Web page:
We did an informal and non-comprehensive survey (via Google) of what other agency consultancies look like, and what we found is listed below. There are many others out there, but these examples represent the range of functions and goals agency consultancies are serving, and how agencies are positioning them. The possibilities are wide open.
Experiential marketing for healthcare
Last year, Boston-based experiential agency Cramer launched a new unit, Cramer Healthcare, focused on experiential marketing for the healthcare industry. Their services include meetings, conferences, events, mixed reality, medical animations, speaker coaching, activations, and other offerings.
Earlier this year, Mindshare and Possible, both owned by WPP, combined to create an Amazon-focused offering that provides media, analytics, and e-commerce services for clients “across the entire Amazon ecosystem.” Previously, the two entities had partnered for a content offering called Content+. Mindshare also previously created a new unit called Life+ which is focused on “futuristic products” like fitness trackers, smartwatches, and augmented reality devices.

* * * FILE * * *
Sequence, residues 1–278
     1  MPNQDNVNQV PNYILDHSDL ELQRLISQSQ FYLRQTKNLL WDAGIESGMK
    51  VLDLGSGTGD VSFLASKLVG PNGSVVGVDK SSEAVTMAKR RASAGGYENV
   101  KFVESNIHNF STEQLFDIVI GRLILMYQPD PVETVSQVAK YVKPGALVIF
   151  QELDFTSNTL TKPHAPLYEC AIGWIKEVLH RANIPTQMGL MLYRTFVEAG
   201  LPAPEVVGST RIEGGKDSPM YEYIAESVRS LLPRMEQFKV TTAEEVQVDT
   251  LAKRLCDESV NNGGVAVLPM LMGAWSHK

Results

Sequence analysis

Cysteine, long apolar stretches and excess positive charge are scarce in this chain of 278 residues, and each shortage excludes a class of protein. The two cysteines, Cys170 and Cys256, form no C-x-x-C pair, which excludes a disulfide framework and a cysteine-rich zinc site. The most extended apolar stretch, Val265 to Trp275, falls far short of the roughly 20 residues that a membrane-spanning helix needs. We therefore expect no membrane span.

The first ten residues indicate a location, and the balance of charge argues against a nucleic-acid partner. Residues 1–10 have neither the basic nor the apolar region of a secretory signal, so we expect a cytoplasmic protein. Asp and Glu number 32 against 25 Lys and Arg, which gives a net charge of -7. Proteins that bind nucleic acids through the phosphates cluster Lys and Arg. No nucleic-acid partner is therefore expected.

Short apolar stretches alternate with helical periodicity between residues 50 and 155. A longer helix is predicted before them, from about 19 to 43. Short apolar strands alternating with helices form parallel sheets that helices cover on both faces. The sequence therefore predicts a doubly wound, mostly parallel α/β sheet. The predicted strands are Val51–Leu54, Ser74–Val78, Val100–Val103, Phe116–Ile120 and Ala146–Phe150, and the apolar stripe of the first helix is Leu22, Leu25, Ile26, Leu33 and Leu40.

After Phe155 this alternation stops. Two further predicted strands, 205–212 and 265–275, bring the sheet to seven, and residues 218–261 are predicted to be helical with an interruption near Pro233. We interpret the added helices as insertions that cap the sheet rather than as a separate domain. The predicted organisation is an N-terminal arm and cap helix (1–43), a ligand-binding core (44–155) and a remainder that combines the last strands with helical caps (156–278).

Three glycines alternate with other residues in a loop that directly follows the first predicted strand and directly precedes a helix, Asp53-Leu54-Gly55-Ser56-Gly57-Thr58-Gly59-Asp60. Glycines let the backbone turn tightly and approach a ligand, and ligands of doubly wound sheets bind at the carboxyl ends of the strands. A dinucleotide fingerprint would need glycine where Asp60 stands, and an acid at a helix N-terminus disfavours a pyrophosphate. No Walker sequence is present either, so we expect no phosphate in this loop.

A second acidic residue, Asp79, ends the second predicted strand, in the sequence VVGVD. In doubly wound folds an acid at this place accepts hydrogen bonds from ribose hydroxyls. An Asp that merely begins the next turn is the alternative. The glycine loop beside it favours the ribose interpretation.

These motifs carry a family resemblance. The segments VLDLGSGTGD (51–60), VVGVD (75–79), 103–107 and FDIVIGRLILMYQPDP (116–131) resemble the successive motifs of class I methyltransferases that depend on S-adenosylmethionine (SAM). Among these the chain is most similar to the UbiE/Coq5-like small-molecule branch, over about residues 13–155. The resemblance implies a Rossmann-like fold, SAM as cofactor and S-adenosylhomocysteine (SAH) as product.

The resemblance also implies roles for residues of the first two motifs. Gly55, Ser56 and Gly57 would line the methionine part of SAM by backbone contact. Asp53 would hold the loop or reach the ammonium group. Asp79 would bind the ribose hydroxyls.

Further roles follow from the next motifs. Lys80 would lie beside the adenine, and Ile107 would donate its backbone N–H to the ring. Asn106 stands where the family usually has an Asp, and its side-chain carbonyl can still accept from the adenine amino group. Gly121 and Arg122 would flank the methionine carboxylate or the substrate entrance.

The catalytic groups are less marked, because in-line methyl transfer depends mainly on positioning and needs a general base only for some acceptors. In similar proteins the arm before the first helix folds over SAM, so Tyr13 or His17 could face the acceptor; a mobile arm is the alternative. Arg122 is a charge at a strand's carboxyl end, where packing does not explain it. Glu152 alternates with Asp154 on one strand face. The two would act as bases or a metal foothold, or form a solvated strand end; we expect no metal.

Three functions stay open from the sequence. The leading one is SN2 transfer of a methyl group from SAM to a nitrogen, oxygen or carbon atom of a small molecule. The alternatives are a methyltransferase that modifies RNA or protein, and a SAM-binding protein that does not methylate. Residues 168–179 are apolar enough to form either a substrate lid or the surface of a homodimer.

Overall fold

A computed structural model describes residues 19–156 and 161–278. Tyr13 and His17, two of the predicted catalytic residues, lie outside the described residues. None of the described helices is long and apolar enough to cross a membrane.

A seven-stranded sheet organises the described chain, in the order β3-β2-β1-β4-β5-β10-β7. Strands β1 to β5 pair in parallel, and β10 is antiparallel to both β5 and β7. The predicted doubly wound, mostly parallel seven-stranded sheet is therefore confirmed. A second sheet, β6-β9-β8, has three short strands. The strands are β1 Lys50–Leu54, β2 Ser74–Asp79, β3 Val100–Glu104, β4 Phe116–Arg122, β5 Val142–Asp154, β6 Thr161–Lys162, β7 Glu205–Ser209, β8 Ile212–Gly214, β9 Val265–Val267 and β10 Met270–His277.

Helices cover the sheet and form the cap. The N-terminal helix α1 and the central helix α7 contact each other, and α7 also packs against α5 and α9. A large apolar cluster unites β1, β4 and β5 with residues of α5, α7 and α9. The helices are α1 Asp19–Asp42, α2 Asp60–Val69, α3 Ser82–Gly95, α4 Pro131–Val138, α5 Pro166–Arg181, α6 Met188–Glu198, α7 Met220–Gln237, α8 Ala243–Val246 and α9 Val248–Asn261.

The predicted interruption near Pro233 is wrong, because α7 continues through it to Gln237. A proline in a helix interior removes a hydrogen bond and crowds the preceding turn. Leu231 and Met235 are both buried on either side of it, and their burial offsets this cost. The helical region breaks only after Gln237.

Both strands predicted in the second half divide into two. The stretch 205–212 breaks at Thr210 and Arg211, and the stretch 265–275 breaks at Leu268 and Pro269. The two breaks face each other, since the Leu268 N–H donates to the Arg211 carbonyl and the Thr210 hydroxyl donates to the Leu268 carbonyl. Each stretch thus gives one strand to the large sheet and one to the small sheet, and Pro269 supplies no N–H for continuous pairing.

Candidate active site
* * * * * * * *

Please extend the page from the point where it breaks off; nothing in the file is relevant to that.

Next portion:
Also in 2017, Y&R created a new division devoted to nonprofits and social good. Called Y&R Inspire Change, it is focused “on clients and causes that make the world a better place” (Adweek).
Mcgarrybowen launched a division focused on startups earlier this year. Named mbForge, the division will help grow new brands. mbForge follows other start-up focused ventures like R/GA’s Start-up Academy, but with a different model. Rather than looking to absorb clients and generate more business for mcgarrybowen, they intend to use mbForge “as a testing ground” for a new billing model (Adweek). Startups offer them the opportunity to be paid via equity or revenue share on sales, instead of the legacy model of billing by the hour.
ROI and business outcomes